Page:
In 1913, american women couldn’t:
They won that right in 1920 when the 19th amendment passed. They could, however, hold public office. Susan Salter became the first female mayor in the U.S. when she ran for and won the mayorship of Argonia, Kansas in 1887. Women were elected to a state legislature for the first time in 1894 in the Colorado House of Representatives. The first female member of Congress, Jeanette Rankin, wasn’t elected until 1917.
Have a credit cards in their own names.
It wasn’t until the Equal Credit Opportunity Act passed in 1974 that card companies were no longer allowed to discriminate against potential card holders on the basis of sex.
Legally terminate a pregnancy.
That right arrived with Roe V. Wade in 1973.
Purchase the Pill.
It wasn’t FDA approved until 1960.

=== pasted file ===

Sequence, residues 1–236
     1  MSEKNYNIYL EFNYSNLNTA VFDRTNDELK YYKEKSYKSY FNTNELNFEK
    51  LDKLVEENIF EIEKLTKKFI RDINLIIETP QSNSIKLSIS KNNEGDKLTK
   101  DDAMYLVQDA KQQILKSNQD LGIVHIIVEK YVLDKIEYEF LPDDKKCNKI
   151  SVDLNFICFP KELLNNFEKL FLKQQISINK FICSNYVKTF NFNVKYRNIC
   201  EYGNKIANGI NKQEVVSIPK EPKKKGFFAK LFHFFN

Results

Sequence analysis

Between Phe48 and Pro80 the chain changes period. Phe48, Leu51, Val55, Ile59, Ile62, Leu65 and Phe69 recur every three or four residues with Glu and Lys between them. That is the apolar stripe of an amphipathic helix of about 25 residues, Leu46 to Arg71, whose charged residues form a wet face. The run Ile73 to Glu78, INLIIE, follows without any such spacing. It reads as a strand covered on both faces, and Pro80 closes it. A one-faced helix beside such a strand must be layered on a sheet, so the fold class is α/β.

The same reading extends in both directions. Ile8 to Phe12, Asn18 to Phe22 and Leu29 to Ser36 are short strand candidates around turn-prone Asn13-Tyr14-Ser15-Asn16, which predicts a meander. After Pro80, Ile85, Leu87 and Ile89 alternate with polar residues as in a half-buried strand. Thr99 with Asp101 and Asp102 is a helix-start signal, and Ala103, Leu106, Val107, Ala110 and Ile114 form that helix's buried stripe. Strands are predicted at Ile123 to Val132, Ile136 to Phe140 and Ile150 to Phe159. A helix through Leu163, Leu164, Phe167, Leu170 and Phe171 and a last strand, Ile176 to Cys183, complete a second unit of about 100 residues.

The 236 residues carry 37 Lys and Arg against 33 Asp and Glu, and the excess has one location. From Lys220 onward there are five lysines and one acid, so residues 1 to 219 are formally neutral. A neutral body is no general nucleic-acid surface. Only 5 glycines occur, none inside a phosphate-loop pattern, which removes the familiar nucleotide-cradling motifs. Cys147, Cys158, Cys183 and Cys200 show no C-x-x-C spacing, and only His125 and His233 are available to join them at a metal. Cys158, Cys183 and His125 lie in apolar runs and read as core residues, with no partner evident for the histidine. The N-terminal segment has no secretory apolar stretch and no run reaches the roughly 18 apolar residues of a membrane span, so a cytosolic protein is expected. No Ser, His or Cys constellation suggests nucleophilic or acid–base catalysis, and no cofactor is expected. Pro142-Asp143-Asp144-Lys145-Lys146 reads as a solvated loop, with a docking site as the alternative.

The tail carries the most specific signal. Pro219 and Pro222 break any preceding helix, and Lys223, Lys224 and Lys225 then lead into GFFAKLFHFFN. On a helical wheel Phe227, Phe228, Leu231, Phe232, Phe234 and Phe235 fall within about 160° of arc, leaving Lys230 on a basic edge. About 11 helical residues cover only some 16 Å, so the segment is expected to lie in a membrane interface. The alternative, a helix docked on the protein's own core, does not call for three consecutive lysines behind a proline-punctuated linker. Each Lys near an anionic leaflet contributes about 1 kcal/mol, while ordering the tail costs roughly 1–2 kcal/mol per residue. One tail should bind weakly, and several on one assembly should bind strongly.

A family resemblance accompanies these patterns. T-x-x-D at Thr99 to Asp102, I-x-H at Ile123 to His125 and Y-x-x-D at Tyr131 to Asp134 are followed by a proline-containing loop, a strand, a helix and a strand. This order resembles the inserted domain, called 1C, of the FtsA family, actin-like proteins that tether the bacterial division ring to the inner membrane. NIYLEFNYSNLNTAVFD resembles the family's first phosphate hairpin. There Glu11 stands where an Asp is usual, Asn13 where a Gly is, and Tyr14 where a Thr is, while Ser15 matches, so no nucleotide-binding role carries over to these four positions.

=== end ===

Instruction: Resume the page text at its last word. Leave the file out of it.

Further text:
Access emergency contraception.
The FDA approved it in 1998.
Attend Harvard, Yale, Princeton, Brown, Dartmouth or Columbia.
The only Ivy League schools to admit women before 1913 were Cornell, which admitted a woman in 1870, and UPenn, which opened its doors to female students 1876.
Apply to graduate school as a married woman.
At least if you were this woman. Harvard’s response to her application has to be seen to be believed.
Become an astronaut.
Granted, humans didn’t make it to space until 1961. “We have no existing program concerning women astronauts nor do we contemplate any such plan,” NASA allegedly replied to one woman’s 1962 query letter. NASA selected its first female astronaut candidates in 1979.
Become a supreme court justice.
There was no law barring women from SCOTUS, but no president appointed a female justice until Ronald Reagan appointed Sandra Day O’Connor in 1981.